The race among big banks to take a bite out of the robo-advisory pie continues, with the latest contender, Bank of America Merrill Lynch, announcing its own Merrill Edge robo-adviser that is expected to launch early next year.
Merrill Edge Guided Investing will combine an online brokerage platform with Merrill's human advisers in an online format and an app to offer automated investment advice based on customer risk tolerance and needs.
"Their entrance into the space isn't surprising. We've long expected all of the incumbents to enter into the space that we created when we launched Betterment,” said Jon Stein, CEO and founder of Betterment.
Customers will be able to choose from a list of stocks, ETFs and mutual funds that are evaluated by a Merrill Lynch investment team — meaning humans — rather than by a computer, according to a statement. A spokeswoman for Bank of America confirmed that the chief investment officer, Christopher Hyzy, and his staff will be behind the selection of 10 ETF portfolios the robo-adviser will draw from.
Merrill Edge Guided Investing charges an annual fee of 0.45% on the managed assets. This does not include the fees charged on underlying funds in the portfolio. This is higher than peers such as Fidelity Go that charges an annual fee of 0.35%, and Schwab Intelligent Portfolio which only charges fees on its underlying funds.
The fee is also higher than established startups such as Betterment, which charges a 0.35% annual fee on balances under $10,000 (but requires a constant deposit of $100 each month) with no trade fee, and Wealthfront, which charges a 0.25% annual fee on balances over $10,000.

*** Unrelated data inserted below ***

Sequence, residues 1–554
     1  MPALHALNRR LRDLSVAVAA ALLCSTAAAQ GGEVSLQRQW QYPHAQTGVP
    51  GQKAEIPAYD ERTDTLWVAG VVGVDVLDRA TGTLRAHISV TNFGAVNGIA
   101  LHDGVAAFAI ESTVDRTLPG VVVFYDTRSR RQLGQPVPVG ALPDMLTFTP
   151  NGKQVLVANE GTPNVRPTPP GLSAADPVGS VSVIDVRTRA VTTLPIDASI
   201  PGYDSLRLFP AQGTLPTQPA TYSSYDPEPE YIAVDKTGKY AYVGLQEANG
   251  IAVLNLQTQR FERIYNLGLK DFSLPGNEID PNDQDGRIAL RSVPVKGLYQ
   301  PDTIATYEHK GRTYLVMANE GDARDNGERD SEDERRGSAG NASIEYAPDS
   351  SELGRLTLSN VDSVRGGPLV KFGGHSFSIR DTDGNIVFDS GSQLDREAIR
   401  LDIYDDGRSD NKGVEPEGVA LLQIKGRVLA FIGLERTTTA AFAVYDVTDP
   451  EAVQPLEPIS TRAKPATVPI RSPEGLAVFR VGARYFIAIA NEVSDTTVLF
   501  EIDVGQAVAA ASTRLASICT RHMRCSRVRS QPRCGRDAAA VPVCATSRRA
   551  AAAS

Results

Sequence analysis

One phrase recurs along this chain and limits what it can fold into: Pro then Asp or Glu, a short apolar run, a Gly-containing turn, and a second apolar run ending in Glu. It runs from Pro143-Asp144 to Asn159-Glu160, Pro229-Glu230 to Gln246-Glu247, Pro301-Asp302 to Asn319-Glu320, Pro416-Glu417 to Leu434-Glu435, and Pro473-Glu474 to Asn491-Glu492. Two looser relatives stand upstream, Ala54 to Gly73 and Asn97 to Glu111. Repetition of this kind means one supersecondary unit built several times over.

Lex Sokolin, global director of fintech strategy at Autonomous, said branding awareness will be Merrill Lynch's competitive edge. He said that venture capital firms have invested heavily in building brands in this space, whereas Bank of America Merrill Lynch can potentially reach their customer by advertising at their ATMs.
"I will expect them to use the full weight of the firm to reach and educate the consumer," he said.
"At the end of the day, fees won't matter that much," said Mr. Sokolin. "I don't believe consumers are so price sensitive. I think it's already really hard to get somebody to know that you really exist, so Bank of America's robo will definitely be on top."